8% was the topic of conversation at dinner with a friend a few nights ago. No, neither of us were skimping on the tip for our waiter. 8% is a statistic from Forrester Research that continues to cross our paths as leaders of our respective organizations, as well as two people who have invested the majority of our careers in sales.
According to Forrester, executive decision makers believe ONLY 8% of sales reps are focused on driving a “valuable” outcome for the buyer. But maybe the real number here is 92%. If you look at the inverse of 8%, buyers believe 92% of salespeople do not have the buyer’s best interest in mind. Ouch! 8% and 92% are two sides of the same coin. This statistic is really about what truly motivates a seller — their purpose, you might say.
At Mereo, we have the privilege of working with dozens of companies as clients each year, and that puts us in direct, daily contact with sales leaders and front-line sales professionals alike. These interactions afford us the opportunity to engage with some highly-motivated people. What’s concerning in those conversations is the inherent tension sellers battle daily. They need to make the sell. That is their job, and what their employer compensates them to do. Meanwhile, the majority of the sales professionals I encounter want to do what is right for the client. It is great when their job and their drive align, but what happens when those two motivators are not united, but rather are two trains headed towards one another, on the same track, destined for a catastrophic collision?
We have a little saying around Mereo: Seek to serve, not to sell™. Ok, it’s more like a battle cry. It’s our way of life — our purpose. At its core, it is a choice to put the interest of others first, even if our best interest is not always satisfied.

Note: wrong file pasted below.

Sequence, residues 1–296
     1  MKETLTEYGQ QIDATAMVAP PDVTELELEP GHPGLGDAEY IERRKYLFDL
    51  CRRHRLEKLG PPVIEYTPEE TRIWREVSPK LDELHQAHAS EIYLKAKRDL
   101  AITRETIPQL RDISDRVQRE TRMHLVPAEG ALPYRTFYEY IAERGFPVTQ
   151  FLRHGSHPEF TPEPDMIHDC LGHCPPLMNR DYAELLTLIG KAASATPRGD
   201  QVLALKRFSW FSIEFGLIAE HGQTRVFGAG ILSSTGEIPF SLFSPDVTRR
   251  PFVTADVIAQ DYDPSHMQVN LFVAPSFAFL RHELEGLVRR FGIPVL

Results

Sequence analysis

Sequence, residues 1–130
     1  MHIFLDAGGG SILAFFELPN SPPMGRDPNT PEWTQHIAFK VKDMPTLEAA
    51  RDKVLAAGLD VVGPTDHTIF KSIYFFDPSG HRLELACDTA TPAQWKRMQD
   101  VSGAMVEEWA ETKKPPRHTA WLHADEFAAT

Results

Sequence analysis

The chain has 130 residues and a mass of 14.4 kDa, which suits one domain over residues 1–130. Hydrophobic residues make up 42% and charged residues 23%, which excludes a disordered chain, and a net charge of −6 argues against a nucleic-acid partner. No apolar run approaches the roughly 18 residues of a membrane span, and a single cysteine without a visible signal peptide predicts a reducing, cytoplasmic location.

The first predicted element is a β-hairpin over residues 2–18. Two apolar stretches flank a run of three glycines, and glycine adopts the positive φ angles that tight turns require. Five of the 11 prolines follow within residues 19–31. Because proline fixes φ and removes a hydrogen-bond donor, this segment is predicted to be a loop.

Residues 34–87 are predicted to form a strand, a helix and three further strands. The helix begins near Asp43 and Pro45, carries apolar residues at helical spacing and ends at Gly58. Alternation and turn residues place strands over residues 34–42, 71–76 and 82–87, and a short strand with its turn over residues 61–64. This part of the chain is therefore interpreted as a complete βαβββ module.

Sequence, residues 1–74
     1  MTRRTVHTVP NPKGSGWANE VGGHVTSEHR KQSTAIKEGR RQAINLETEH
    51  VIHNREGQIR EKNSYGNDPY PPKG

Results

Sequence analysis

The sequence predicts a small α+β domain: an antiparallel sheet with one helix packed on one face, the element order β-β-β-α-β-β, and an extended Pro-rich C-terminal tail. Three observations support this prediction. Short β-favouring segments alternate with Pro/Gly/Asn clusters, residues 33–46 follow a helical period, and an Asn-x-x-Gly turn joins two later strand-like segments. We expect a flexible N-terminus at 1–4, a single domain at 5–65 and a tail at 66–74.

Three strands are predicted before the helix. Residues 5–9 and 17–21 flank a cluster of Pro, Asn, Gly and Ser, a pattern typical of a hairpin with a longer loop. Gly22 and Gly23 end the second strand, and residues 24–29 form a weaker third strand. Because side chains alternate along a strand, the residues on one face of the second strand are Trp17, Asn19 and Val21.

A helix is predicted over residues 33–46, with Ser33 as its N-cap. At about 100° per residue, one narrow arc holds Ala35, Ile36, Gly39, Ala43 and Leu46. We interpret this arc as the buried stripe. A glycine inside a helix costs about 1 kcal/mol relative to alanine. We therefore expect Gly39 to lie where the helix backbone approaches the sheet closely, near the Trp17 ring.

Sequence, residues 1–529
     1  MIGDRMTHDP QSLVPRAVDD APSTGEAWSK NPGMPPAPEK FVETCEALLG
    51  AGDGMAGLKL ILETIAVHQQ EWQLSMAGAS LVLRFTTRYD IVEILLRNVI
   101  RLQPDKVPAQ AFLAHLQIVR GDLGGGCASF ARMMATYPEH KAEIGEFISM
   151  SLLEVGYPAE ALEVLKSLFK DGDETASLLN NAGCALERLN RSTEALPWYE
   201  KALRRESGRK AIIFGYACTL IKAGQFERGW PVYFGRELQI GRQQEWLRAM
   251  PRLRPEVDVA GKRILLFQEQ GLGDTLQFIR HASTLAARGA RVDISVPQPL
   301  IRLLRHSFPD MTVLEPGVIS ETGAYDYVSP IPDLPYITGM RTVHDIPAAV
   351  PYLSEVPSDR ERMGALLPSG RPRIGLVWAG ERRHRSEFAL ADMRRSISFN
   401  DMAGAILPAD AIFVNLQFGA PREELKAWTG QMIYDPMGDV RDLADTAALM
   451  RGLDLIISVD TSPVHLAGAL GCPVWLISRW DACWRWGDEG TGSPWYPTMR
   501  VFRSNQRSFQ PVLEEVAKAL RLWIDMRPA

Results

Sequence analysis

In my personal and professional relationships, serving others is fundamental to my daily walk. However, there are two groups of people that I too often do not put first — my family and my clients. Why? Simply, I take them for granted. That is an unfortunate, but honest confession.
It is fair to assume that I am probably not alone in taking my family for granted. I love them and they love me. We have a full life together, jam-packed with ups and downs. We support one another through those peaks and valleys. The memories I have, and those in the making, are of utmost importance to me. Yet, it can be easy to get complacent in the relationships with my family and take them for granted, because, our relationship is rooted in unconditional love for one another—an understanding to stick together no matter what.
Similarly, clients can fall into that undesirable paradigm. It is true that, like family, we need one another and are often engaged in the ups and downs together. At Mereo, we are blessed to have a stable of great clients, with whom we are fundamentally impacting their revenue performance. But, we need them too— for they contribute to our profitability and ultimate business existence. While we pour our best into our clients, I too easily forget how much they pour into us as well (and I am not talking about engagement fees.) They trust us with their very businesses and their careers. They call on us to have a measurable impact in their performance. They count on us to deliver a valuable return on the investment of funds and time they are making. Simply put, they depend on us to do what we believe is in their best interest, especially when that does not appear on the surface to be what is ideal for us.
Which takes us back to the 8% statistic. As sales professionals (leaders and front-line sellers alike), we have an interaction-by-interaction choice to make: Will we seek first to serve, or will we seek first to sell? In a lot of scenarios, we are fortunate because the choice to put our client first is to solve their problem with the solution we offer. The tough situation is when making our number this month or quota is in conflict with what we know at our core is in the best interest of our client. In the end, when we put them first, no matter the scenario, we are choosing to be in the 8% — we are electing a dynamic that too many decision makers witness as unconventional. We are setting ourselves apart from the competition. We are choosing great over good.
Heads or tails? Which side of the coin are you going embrace when it comes to serving and selling? Will you join me in striving to grow the 8%?